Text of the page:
Heat Pump Capacitor
I was wondering where I would be able to go get a new capacitor for my Goodman model GSH130421AC:
Goodman CAP050550370RTS CAPACITOR 5/50/370V
Had the ecodistrict heat pump cleaning and they tested the capacitor, stating it was at 43 of 50, less than 90% efficiency. “Could last another year or may go anytime.”
The price seemed a little high for the replacement ($112), so I wanted to replace it myself…just need to know where to shop for it.
Most caps are pretty much universal. You just get one the correct size (5/50) and the correct voltage rating (370 VAC or higher). They can be either oval or cylindrical in shape. As to the cost, the last one I bought (myself, not through a contractor) was ~$20. In fact, the one that I bought is nearly new and I don't need it any more (just installed a new heat pump). If the ratings are correct, I'd be happy to send to you. I can't remember if mine is 5/35 or 5/50. I do know it is 370 VAC. I'll check tonight and let you know.
They are pretty easy to change. Make sure there is no power to the unit (pull the disconnect) and take a couple pics of it before you do anything (so you don't forget how the wires go). Slide the wires off the old cap and slide on the new one. Then mount the new cap in the holder. Probably only take you 10 minutes to do the whole thing. However, I would probably just keep the new one on hand and wait until it is needed. The other option is to switch them and keep the old as a spare. This way if the new one blows, you won't be stuck on a really hot/cold day waiting for a part or paying big $$$ on an emergency call to get someone to fix it.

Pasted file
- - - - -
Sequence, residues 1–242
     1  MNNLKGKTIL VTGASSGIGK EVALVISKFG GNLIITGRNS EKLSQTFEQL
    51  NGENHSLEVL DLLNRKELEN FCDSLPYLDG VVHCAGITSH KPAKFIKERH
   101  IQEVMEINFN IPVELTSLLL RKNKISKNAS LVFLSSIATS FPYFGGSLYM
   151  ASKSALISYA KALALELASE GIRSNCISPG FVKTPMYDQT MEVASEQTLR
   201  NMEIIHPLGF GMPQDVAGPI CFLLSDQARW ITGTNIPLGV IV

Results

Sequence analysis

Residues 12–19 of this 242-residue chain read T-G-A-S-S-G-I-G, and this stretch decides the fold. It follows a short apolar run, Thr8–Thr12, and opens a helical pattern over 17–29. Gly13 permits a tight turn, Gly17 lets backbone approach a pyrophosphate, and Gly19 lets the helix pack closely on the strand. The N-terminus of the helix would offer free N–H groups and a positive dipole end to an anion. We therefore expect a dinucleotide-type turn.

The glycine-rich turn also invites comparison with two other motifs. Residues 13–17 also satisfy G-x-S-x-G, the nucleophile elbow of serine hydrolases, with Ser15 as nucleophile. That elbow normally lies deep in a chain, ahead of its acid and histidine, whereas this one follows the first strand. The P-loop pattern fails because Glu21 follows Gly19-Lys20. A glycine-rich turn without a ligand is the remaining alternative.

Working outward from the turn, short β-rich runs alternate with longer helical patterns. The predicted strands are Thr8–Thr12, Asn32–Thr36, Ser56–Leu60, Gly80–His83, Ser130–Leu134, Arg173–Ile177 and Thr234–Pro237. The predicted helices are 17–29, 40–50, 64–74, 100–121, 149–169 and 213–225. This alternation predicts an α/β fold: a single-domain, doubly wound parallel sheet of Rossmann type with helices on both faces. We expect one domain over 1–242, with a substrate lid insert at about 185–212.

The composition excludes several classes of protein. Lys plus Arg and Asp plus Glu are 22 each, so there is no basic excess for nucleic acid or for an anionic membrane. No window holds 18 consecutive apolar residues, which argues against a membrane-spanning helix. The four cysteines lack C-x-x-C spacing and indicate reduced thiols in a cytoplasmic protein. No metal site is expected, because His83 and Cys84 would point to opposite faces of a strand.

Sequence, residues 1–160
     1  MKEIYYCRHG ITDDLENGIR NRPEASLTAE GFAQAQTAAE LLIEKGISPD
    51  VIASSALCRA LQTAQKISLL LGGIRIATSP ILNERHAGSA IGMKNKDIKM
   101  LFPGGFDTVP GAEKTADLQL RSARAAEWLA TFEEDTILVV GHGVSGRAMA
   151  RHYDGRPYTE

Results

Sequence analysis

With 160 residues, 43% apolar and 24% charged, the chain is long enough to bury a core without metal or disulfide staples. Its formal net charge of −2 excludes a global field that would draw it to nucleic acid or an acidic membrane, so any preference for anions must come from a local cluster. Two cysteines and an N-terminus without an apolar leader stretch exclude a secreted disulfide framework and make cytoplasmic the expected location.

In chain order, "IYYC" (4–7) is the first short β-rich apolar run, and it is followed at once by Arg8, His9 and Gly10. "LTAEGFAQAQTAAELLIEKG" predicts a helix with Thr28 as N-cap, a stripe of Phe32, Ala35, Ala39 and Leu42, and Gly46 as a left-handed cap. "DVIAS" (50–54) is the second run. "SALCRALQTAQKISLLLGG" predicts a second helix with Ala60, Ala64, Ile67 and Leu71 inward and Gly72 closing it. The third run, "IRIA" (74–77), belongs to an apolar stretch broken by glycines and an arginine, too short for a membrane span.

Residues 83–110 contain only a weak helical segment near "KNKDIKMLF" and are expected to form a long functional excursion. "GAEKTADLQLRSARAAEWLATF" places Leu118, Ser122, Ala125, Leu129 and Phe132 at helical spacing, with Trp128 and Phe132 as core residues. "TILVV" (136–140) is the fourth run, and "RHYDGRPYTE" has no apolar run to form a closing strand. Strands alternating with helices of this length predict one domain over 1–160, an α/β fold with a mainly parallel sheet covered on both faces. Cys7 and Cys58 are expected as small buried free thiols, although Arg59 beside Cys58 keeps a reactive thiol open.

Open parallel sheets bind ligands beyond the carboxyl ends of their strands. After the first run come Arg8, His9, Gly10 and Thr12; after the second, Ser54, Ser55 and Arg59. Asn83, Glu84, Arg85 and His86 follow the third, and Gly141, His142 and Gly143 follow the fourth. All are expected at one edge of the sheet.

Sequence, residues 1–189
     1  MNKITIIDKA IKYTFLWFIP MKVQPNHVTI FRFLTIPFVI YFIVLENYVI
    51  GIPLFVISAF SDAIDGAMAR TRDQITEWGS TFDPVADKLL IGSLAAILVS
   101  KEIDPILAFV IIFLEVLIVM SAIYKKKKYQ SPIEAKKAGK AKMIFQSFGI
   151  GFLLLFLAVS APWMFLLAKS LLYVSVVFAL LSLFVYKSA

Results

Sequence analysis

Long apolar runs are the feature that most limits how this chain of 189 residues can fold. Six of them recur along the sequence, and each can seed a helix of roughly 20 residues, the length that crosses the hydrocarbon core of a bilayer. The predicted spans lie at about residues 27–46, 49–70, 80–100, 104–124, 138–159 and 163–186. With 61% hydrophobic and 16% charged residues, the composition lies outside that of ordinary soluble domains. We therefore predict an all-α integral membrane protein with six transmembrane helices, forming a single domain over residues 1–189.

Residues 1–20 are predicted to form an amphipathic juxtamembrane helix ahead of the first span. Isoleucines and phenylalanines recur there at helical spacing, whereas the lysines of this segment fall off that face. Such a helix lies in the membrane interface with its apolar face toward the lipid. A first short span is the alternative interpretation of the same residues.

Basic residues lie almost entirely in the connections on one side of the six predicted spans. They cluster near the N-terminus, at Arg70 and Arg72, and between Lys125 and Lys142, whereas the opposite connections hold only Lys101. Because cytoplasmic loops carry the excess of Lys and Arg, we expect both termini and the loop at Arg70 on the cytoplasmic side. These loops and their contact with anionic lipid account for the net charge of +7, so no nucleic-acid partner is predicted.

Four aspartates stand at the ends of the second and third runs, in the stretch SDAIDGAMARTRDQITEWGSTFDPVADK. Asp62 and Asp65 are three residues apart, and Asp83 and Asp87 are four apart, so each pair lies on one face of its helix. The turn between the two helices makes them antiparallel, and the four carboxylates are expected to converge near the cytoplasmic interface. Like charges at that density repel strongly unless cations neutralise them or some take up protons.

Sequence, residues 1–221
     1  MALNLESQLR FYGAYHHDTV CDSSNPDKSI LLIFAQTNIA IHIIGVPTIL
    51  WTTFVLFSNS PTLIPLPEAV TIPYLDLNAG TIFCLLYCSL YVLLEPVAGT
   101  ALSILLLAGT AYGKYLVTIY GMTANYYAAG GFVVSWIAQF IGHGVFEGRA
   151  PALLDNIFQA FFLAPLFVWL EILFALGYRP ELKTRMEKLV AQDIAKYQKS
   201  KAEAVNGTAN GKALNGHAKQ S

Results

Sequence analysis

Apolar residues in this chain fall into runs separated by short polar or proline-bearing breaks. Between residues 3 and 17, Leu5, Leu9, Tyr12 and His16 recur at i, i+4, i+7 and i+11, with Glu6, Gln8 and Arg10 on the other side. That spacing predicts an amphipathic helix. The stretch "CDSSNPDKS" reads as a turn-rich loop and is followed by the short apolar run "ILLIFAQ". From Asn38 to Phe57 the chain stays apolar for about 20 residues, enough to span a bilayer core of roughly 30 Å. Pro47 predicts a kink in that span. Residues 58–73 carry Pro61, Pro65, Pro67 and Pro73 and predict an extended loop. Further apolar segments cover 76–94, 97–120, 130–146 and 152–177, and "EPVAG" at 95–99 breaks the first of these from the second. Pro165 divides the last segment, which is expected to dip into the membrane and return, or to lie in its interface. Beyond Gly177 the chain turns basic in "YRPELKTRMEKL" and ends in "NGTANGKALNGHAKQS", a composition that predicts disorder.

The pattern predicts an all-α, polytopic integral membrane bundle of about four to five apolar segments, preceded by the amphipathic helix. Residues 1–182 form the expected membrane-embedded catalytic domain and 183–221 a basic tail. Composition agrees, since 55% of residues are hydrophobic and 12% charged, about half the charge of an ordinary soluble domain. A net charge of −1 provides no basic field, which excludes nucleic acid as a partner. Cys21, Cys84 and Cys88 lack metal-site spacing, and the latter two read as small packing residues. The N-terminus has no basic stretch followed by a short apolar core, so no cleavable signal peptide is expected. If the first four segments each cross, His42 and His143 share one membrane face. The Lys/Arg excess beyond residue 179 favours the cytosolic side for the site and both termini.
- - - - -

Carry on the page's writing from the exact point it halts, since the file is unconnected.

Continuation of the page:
I took a look on here as I remembered posting the ratings on my spare cap before. Looks like mine is a 40/5, so won't really work for you.
You could try a local HVAC supplier, but they may not sell to you. Places like Grainger can get them, but you would need to be a contractor or have an account. You should have an easy time picking one up online, though.
I'm not convinced that there is actually anything wrong with your cap, but a spare wouldn't hurt. I don't recall what the tolerances on these capacitors are, but many large caps are typically +/- 10% or 20%. At +/- 10%, the cap should read between 45 and 55. At +/- 20%, the cap would be between 40 and 60.
Some capacitors that are used for power supplies in electronics may have ratings like -20%/+80%. The reason is that in this case, too big isn't a problem and is better than being too small.
There aren't a lot of capacitors out there that are better than +/- 10%. The ones that are out there are usually smaller caps and are ones where getting the value close to exact is important.
My point is that a 43 measured out of a 50 nominal value may not mean a thing except the HVAC guy maybe looking to make some extra $$$ off you.
BTW: If they said that part about being "less than 90% efficiency" they either don't know what they are talking about or are trying to empty your wallet. If I had a cap that measured 55, but was rated at 50, I wouldn't say it is "110% efficient". All it means is it came out of the factory with 10% more storage capacity than what the sticker says (which doesn't change a thing on how your HVAC system operates).
Capacitors in this category are likely +/- 20% tolerance rating. No such thing as "could go anytime". If the $112 did not include a service call labor, then they are just ripping you off.
Google will get you a cap. for ~$20